Sometimes I do the whole Google Maps thing, and I’ll spend hours looking around for spots, especially in Milton Keynes; there are so many rails in Milton Keynes, outside of the centre. People will hit me up and say, “I’ve got this spot for you, what do you think?” And if it looks good, I’m down. I’ll have a look on Google Maps, then snoop around and see what else I can find near there.

 

People are hyped, man, because they want to see stuff in their town get fucked up, and you’re the speed dial guy for handrails (laughs).

If people have spots, they can hit me up. I’m down. I love to find new spots. There are some spots that are repeated throughout my video parts, because they’re within a two, three-hour drive from me. I’m conscious of it because I know that I’m skating a lot of the same spots, but every time I’m trying to push the tricks that I’m doing, trying to do something harder than I did before.

 

In America, it’s not that unusual to see somebody 5050 a fucking massive handrail, but in somewhere like Coventry, what’s the reaction of some security guard when you’re trying to do shit like that.

People get just as mad as they do at any other spot. They don’t want me doing it there because I’m ‘damaging property’, and they’re always worried that I’m going to sue someone if I get hurt.

I want to be able to look back on [my video parts] when I can’t skate any more and think, ‘I did this. I made the most of what I had, and this is what I created’.

Is there never an element of, “whoa, that’s mental, please carry on”?

It does happen. I’ve had the police turn up, and I thought I was going to get kicked out, then they said they were driving past, saw me skating and came back to watch. They were like, “carry on, we want to see you do it” (laughs). I will repaint a rail as well, if someone complains that I’m taking the paint off.

 

And have you done?

I have, yeah. If someone is letting me skate a rail and they want it painted again when I’m done, I’ll go and buy paint, then repaint it.

 

What’s the story with the janky skatepark you’re always skating? Is that in your garden?

It’s not so janky anymore; I actually spent some money on it. Basically, with that, I live in the middle of nowhere; the closest good skatepark is 25 minutes away. There’s nothing within walking distance of my house, just fields and a main road. I started skating with one of my friends that lives in Witcham, my village. He was skating on the kerb out the front of his house, and that’s how I got introduced to skateboarding. The ground sucked on that road, too; it was not good. My mum owns a horse-riding school, and she had this slab of concrete that was unused, so I asked Mum if I could build some stuff there to skate, and she let me. To start off with, it was pallets and plywood with angle iron, and a flat bar from Argos, then as I got older and was able to do a bit myself, my dad helped me build a mini ramp. Then there was a ramp building company that’s now gone out of business, The Ramp Supply Co, and they did me a good deal on some ramps. After that, the guys Four One Four Skateparks had some wood left over from NASS, and Terminal One skatepark had shut down in Melton Mowbray, so I went and bought loads of cheap wood from them, and built what I have now. I have a full on bump to bar, down rail and a six-foot quarter; it’s pretty cool. Occasionally people come through and skate, but I live quite out of the way in a tiny village, so it’s more for if I hit people up and no one is skating, then I’ll just go into the garden and skate my park.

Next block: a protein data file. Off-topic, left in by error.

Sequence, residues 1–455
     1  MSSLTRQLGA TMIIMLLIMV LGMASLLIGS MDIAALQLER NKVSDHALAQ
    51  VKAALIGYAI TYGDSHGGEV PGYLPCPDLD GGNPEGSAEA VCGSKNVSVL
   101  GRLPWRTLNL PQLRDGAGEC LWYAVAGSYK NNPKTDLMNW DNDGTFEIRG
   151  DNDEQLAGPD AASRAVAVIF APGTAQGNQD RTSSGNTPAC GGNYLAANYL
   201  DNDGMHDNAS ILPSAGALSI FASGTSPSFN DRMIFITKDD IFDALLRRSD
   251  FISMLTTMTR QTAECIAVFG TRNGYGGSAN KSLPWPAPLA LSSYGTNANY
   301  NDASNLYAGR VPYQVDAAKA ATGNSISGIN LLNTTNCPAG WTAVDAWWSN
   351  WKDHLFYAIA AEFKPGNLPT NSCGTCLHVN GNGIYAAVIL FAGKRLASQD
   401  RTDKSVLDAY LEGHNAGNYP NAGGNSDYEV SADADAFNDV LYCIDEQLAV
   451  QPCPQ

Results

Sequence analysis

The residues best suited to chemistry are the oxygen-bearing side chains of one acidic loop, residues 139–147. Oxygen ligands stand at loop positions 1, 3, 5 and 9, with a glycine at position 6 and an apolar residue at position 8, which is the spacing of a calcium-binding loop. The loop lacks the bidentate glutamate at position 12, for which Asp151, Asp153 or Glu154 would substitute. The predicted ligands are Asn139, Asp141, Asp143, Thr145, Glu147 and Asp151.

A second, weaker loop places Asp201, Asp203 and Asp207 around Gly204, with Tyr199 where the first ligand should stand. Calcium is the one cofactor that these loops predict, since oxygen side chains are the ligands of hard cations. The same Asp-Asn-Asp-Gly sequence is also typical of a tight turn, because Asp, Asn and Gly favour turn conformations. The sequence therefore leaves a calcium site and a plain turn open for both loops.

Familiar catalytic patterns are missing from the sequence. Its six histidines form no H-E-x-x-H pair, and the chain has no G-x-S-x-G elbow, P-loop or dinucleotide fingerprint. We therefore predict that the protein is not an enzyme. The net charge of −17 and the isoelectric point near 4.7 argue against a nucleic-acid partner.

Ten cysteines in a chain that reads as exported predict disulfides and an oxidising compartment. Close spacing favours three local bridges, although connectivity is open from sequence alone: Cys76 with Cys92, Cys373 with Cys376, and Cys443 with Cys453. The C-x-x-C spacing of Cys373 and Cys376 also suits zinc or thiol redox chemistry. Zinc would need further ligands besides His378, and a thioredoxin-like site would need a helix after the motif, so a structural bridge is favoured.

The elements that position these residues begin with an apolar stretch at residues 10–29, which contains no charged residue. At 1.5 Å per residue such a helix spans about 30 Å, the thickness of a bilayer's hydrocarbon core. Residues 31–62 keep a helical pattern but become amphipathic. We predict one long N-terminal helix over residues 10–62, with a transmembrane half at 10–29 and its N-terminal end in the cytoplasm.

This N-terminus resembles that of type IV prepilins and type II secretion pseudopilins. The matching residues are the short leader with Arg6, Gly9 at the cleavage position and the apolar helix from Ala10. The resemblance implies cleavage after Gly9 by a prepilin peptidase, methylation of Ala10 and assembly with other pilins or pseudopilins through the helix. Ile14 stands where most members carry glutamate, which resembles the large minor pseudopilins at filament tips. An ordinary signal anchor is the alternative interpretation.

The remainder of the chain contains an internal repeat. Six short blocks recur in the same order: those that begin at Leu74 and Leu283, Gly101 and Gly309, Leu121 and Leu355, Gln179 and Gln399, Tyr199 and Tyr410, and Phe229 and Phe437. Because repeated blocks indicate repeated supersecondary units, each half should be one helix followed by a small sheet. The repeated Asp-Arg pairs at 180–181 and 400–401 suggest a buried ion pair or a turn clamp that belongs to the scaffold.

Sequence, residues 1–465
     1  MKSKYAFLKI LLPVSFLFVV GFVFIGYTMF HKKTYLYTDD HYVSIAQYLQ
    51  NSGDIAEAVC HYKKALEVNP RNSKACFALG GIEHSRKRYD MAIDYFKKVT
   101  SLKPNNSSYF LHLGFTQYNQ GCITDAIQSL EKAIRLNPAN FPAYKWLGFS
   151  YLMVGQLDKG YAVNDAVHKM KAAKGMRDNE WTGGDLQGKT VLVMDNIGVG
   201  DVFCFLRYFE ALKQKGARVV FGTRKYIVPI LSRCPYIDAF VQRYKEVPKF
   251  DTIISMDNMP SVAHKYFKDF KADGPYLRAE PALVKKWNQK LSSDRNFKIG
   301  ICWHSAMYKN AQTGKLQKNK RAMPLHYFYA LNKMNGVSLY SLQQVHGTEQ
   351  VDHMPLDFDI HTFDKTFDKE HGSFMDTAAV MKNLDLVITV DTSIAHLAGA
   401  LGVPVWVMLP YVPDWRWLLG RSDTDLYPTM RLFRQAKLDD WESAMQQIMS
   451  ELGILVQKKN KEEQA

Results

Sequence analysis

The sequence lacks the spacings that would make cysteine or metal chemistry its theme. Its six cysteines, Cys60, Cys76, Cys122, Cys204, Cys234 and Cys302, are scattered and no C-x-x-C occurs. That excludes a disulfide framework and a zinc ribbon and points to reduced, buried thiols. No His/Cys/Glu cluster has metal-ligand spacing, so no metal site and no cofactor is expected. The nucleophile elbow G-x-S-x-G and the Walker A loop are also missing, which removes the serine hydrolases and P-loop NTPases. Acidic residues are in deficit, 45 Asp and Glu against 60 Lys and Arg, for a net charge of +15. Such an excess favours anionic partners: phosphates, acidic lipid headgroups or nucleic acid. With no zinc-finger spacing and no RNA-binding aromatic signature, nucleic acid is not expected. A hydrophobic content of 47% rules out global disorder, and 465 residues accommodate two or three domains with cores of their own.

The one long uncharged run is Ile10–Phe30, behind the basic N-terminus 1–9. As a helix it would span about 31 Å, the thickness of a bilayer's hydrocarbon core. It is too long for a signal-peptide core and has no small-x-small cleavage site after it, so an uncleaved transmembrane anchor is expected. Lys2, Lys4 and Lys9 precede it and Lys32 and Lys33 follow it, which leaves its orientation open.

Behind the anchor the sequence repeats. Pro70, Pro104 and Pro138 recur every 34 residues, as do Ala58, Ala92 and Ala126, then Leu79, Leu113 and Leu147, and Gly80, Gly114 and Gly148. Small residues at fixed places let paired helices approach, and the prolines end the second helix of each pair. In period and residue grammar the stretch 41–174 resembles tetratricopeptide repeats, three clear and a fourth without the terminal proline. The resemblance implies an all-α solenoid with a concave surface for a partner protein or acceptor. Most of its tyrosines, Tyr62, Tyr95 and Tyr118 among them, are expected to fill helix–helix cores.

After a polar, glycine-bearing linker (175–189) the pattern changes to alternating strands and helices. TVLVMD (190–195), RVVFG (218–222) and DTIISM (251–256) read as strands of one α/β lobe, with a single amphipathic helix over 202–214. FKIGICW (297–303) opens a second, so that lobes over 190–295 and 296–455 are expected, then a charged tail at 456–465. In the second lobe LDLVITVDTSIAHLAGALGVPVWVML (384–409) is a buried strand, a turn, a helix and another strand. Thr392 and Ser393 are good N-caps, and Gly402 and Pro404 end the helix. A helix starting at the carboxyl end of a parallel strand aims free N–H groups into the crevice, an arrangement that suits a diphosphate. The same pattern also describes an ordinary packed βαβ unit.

Can you ride horses then?

I used to when I was younger, but I don’t any more.

 

Can you jump over shit, cowboy style?

Nah, I never got that into it. I’d ride around for quarter of an hour then get bored.

 

You never tried to take a horse down a 20 set or anything then?

(Laughing) Definitely not.


Frontside bluntslide, definitely not in rural Cambridgeshire. Photo: Hodge.


Were you pissed off that people kind of ignored your skating? It seems like you’ve been cool guy’d by a lot of people, especially considering the level that your skating’s been at for the last decade.